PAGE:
As many as 796 infants died in St. Mary's home for unmarried women and children. Until now, the site of their remains was unknown.
Historian Catherine Corless was convinced that there — long-buried in a sewage system under the streets of a little town in Western Ireland — were the discarded remains of babies. Possibly hundreds of them.
For years, no one believed her.
This week, though, a state-appointed dig uncovered “significant quantities of human remains” at the site of St. Mary’s House — a home for unmarried mothers and children that had run from 1925 to 1961.
Excavators, who have been investigating over the last four months, found a long underground structure that had been divided into 20 chambers, according to a statement. Bodies, ranging from premature babies to three-year-olds, were found in 17 of the little rooms.
Subsequent tests suggest most of the remains date from the 1950s.
“This is very sad and disturbing news,” Katherine Zappone, the minister for Children and Youth Affairs, said. “It was not unexpected as there were claims about human remains on the site over the last number of years. Up to now we had rumors.”
Corless has been poking around the subject for years. Having grown up in the area, she remembers going to school with children from St. Mary’s — which had been owned by the state and run by the Sisters of Bon Secours, a Roman Catholic order.
In Ireland, a country known for its strict Catholicism, women who became pregnant outside of marriage were considered sinners and faced stigma and abuse.
Their children were also shunned, and Corless remembers her St. Mary’s peers appearing malnourished and being kept to one side of the classroom in school.
She began her investigation of St. Mary’s in earnest when she discovered 796 death certificates for young children, but was unable to find any burial records.
She carefully studied the grounds and old documents. The building itself had been torn down in the ’70s and replaced with a housing development, but Corless was able to deduce that the children had been buried in an unofficial graveyard — possibly in the sewage treatment facilities.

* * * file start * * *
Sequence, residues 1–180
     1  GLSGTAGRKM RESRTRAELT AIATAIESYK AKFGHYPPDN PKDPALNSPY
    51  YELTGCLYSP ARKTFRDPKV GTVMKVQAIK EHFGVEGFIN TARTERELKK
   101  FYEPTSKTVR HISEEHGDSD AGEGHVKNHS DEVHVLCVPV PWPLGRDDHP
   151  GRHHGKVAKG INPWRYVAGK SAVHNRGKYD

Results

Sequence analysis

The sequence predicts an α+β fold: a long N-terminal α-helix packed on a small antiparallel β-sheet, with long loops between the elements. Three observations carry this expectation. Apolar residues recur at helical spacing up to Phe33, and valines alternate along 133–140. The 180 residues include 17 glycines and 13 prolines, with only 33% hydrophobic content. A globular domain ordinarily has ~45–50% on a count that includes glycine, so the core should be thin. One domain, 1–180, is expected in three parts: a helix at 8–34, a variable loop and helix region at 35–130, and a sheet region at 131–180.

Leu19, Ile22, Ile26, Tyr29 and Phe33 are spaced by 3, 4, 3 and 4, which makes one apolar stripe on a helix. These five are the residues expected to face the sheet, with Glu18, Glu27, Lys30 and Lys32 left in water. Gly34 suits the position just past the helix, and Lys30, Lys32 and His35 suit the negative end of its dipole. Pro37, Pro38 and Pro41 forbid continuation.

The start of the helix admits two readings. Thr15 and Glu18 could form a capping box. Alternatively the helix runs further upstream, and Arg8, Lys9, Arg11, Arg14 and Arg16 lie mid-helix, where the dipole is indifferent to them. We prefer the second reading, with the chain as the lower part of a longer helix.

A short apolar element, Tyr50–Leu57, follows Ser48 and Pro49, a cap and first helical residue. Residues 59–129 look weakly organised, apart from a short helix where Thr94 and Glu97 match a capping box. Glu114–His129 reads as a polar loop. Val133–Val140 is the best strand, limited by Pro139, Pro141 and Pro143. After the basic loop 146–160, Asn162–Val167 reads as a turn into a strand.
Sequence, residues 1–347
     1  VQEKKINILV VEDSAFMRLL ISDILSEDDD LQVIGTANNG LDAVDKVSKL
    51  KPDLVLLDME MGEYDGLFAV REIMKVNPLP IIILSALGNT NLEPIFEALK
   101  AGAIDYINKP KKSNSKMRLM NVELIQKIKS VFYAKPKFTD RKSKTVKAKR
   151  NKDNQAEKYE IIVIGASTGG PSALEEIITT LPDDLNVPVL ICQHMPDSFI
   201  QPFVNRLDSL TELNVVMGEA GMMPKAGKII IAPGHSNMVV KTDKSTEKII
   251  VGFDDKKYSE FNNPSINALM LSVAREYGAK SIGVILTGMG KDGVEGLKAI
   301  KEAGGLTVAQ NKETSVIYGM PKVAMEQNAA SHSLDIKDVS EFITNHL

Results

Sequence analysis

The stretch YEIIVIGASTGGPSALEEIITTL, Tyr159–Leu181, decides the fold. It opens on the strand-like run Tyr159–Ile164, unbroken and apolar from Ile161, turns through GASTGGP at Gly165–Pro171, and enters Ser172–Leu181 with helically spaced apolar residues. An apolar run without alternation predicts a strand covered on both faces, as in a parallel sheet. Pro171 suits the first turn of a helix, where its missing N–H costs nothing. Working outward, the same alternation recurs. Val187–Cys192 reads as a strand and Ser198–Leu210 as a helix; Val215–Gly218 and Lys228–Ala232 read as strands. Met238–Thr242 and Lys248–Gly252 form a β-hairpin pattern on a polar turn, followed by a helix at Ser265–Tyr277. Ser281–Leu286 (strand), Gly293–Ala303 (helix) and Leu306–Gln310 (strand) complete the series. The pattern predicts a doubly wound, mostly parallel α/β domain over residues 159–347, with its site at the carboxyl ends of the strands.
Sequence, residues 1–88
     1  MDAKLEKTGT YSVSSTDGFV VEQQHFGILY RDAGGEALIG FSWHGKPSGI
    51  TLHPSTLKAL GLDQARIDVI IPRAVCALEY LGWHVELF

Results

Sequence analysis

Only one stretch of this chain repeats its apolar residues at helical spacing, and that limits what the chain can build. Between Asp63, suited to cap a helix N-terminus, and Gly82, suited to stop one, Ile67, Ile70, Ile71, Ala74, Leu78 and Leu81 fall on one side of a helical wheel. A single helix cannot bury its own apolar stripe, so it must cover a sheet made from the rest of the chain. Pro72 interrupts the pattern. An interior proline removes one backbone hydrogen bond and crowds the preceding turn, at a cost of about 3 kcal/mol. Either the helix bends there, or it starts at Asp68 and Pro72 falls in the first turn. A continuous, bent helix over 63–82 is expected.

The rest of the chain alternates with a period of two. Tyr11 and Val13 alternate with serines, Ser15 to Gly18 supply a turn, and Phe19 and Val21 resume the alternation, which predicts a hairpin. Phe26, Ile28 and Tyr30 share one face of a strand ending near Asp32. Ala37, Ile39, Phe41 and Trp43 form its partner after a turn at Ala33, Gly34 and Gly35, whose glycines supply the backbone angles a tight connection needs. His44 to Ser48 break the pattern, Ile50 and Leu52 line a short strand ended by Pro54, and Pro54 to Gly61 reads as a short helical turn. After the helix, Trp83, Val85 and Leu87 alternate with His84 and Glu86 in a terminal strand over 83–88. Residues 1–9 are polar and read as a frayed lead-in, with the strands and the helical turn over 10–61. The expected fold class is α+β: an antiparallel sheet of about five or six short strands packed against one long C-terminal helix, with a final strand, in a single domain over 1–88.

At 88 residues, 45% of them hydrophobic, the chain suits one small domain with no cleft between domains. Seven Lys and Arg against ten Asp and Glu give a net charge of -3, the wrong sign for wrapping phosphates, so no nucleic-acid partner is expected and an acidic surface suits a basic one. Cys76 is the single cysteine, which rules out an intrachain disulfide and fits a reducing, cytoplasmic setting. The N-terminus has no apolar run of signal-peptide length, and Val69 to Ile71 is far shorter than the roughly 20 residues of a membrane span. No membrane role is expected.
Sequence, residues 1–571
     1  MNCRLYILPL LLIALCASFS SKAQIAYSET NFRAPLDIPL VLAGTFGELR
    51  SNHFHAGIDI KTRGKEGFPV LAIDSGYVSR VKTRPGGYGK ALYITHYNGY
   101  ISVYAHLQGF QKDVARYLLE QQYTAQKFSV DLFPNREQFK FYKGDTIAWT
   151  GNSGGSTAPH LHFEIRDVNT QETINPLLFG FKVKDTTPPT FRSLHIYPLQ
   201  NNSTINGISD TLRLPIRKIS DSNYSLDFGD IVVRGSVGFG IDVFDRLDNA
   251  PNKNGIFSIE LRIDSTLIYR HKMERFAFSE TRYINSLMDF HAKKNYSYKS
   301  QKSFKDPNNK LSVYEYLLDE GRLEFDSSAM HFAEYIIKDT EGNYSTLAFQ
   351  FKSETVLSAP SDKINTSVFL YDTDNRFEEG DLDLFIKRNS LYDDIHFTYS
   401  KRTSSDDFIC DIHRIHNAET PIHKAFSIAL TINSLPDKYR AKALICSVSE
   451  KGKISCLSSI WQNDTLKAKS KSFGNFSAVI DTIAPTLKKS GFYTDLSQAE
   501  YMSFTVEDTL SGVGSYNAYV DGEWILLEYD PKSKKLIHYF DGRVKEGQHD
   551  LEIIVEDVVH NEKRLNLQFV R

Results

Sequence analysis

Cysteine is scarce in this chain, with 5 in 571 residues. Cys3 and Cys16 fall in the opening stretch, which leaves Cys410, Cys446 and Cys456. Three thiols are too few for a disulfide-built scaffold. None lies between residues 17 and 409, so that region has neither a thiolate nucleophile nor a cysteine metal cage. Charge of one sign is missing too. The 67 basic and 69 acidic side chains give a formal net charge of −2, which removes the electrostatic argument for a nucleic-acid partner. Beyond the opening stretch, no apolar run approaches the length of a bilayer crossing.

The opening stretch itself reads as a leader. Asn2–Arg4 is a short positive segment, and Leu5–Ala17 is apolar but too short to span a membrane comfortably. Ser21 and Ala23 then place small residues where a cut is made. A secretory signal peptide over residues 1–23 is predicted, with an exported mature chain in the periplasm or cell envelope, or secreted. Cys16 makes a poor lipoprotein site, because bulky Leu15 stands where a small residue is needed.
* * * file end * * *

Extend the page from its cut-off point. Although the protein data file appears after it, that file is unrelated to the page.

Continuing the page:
“Nobody was listening locally or in authority, from the church or from the state,” Corless told The New York Times. “They said, ‘What’s the point?’ And that I shouldn’t view the past from today’s lenses.”
But the history of the homes began garnering international attention (due, in part, to the film “Philomena,” which was based on the true story of an Irish woman looking for the son who had been taken from her in a similar home), and the government of Ireland created the Commission of Investigation into Mother and Baby Homes in 2015.
The commission has been examining abuse allegations in 17 other similar institutions.
Corless said she hopes that the information uncovered by the investigations will help families affected find peace.
“I was thinking of all the survivors of the Tuam home who have brothers and sisters buried there and I knew in my heart and soul that they would be delighted with this announcement because they want a grave to visit,” she told the BBC.
Though the commission itself does not have the power to award compensation, the town’s archbishop has said the church will work with the families to identify remains and provide a “dignified re-interment” in official graves.